Six years ago, on Sept. 23, 2015, former Portland Mayor Charlie Hales announced to the City Council his plans to declare a housing emergency in Portland.
Portlanders "have come to a point of compassion fatigue and I think people want us to move more quickly," Hales declared.
Reflecting the urgency of the moment, the City Council adopted the declaration weeks later, on Oct. 7. 2015. It was official: Portland was suffering a homeless crisis.
Fast forward six years.
Are more services more available to people who need them? Has the city, as promised, streamlined its bureaucratic processes, easing the way for more humane shelters? Has the city identified buildings or areas to house people in need?
Government bureaucrats will say yes on all counts. But we don't agree that the pace or scope of their efforts has been sufficient to address the problem. The status quo of today is unacceptable.Â
The people of Portland have done their part. Voters have approved a City Housing Bond, Metro Housing Bond and Metro homeless services tax. Local governments' budgets for housing and homeless services have increased each year. During the pandemic, our state and federal governments have allocated huge rescue packages designed to help house and care for people in need.
And, yet, the number of people living under blue tarps and on Portland streets has grown exponentially. The Oregonian recently reported that the city received 6,869 complaints about unsanitary and unsafe homeless camps over just 37 days.
The chief executive officer of the United Way of the Columbia-Willamette recently resigned from the Home for Everyone board, citing a lack of innovative ideas and no sense of urgency.
That made it all the more unbelievable to read a recent column from three non-profit advocates who wrote that Portland shouldn't move too fast in resolving the humanitarian crisis on our streets. These advocates are not only on the wrong side of public opinion, they apparently don't have an actual solution to propose to the humanitarian crisis we have collectively faced for six years.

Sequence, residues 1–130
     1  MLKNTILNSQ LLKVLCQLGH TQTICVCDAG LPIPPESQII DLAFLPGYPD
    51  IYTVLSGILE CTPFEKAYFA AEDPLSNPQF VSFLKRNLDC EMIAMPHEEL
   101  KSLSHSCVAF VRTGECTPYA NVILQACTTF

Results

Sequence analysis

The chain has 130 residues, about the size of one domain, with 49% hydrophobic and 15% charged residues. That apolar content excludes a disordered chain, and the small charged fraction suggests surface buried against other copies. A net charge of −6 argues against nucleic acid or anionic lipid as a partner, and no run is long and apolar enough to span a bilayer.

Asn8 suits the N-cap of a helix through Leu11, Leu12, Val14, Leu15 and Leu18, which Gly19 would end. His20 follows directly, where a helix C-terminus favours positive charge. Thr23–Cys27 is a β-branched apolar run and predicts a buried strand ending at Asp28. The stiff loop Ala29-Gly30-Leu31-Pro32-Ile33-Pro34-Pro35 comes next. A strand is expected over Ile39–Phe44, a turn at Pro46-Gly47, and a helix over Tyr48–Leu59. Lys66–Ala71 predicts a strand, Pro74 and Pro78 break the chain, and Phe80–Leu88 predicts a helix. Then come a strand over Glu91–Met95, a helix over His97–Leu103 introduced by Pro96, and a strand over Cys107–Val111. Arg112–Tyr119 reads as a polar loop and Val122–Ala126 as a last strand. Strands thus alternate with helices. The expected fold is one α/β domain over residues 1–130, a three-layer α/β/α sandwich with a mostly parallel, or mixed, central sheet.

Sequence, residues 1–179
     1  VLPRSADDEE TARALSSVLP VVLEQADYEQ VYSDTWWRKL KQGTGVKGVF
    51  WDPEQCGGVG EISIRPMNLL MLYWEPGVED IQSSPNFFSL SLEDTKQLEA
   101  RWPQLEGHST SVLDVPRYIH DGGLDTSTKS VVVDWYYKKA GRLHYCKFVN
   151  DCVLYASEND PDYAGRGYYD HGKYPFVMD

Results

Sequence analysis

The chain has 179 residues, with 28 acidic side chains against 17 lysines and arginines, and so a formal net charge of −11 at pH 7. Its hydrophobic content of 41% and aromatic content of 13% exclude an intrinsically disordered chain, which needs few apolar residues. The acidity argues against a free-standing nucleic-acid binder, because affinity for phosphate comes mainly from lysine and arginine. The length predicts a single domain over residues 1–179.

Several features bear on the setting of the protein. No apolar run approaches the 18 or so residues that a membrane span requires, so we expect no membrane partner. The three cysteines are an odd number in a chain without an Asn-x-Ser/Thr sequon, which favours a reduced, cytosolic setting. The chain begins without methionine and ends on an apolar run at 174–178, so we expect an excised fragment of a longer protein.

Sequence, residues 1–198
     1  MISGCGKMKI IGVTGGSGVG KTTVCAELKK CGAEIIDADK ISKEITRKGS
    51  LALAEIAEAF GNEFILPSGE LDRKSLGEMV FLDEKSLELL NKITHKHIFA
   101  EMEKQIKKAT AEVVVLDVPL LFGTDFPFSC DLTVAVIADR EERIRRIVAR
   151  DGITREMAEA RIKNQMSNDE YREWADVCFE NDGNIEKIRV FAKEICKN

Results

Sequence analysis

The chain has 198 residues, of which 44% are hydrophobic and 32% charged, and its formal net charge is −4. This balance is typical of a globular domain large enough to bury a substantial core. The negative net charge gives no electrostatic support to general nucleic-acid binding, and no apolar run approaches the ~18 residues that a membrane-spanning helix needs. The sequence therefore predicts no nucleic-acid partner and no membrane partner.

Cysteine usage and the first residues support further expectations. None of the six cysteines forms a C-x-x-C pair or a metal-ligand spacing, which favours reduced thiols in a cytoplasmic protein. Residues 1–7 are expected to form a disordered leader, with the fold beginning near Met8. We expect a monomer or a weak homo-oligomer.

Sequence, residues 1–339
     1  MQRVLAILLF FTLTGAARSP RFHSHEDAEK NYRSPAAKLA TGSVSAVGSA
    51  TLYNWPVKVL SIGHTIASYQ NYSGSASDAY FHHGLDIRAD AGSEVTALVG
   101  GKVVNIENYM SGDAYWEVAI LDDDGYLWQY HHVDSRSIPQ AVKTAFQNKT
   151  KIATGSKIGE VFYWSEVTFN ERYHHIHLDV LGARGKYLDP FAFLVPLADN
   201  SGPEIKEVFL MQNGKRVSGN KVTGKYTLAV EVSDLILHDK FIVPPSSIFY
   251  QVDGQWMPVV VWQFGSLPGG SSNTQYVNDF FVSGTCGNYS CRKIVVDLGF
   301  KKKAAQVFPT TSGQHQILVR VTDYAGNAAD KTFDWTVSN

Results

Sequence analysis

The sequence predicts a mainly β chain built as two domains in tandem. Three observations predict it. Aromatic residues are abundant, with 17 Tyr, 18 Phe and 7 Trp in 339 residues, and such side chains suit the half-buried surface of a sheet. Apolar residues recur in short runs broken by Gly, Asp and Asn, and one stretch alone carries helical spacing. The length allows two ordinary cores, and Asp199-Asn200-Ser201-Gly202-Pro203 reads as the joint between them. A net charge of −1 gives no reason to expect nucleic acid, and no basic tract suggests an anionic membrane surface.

A recent survey for People for Portland shows an overwhelming majority, 84% of Portland's voters, want greater urgency and action.
Practically, we can do better. Morally, we must act now to save the city we all live in together.
On the sixth anniversary of this crisis, here are a few questions Portlanders demand answered: What is the actual size and scope of the current homeless crisis? How many people are living on the streets in Multnomah County right now? What is the past trend-line and the future forecast?
What's a reasonable way to measure progress and success? What are the target goals for transitioning people from the street to a temporary shelter to longer-term housing? How are local, state, regional and federal funds being used to achieve these goals?
How many temporary shelter beds or other similar solutions exist right now in Multnomah County? How may "net" new permanent housing units have been built from the Portland and Metro housing bond dollars? How many total units will be built by when and at what cost per unit?
Why the specific hostility to the city safe, rest village plan? Isn't it an important part of the transition to permanent solutions? One of the authors of the guest column said it was "beyond paternalistic" for those living on the streets to have to follow "a set of rules" in managed villages. Doesn't everyone else have to do exactly that in a civilized society? Does this represent the views of all 100 homeless advocate organizations and city and county elected leaders?
Since launching People for Portland on Aug. 20, more than 30,000 people have visited our website and more than 125,000 emails have been delivered to 36 local elected officials.
Clearly, Portlanders are not happy with the failure of their elected officials to rescue their hometown and end the humanitarian crisis on our streets. Two homeless Portlanders — Debbie and Josh — agreed to be interviewed and appear on our website and television ads. Debbie summed up how most of us feel: "I never thought Portland would let us down this bad".
Six years in crisis. It's time elected officials listened to Debbie and to the rest of us.
Dan Lavey and Kevin Looper of Portland are co-founders of People for Portland.
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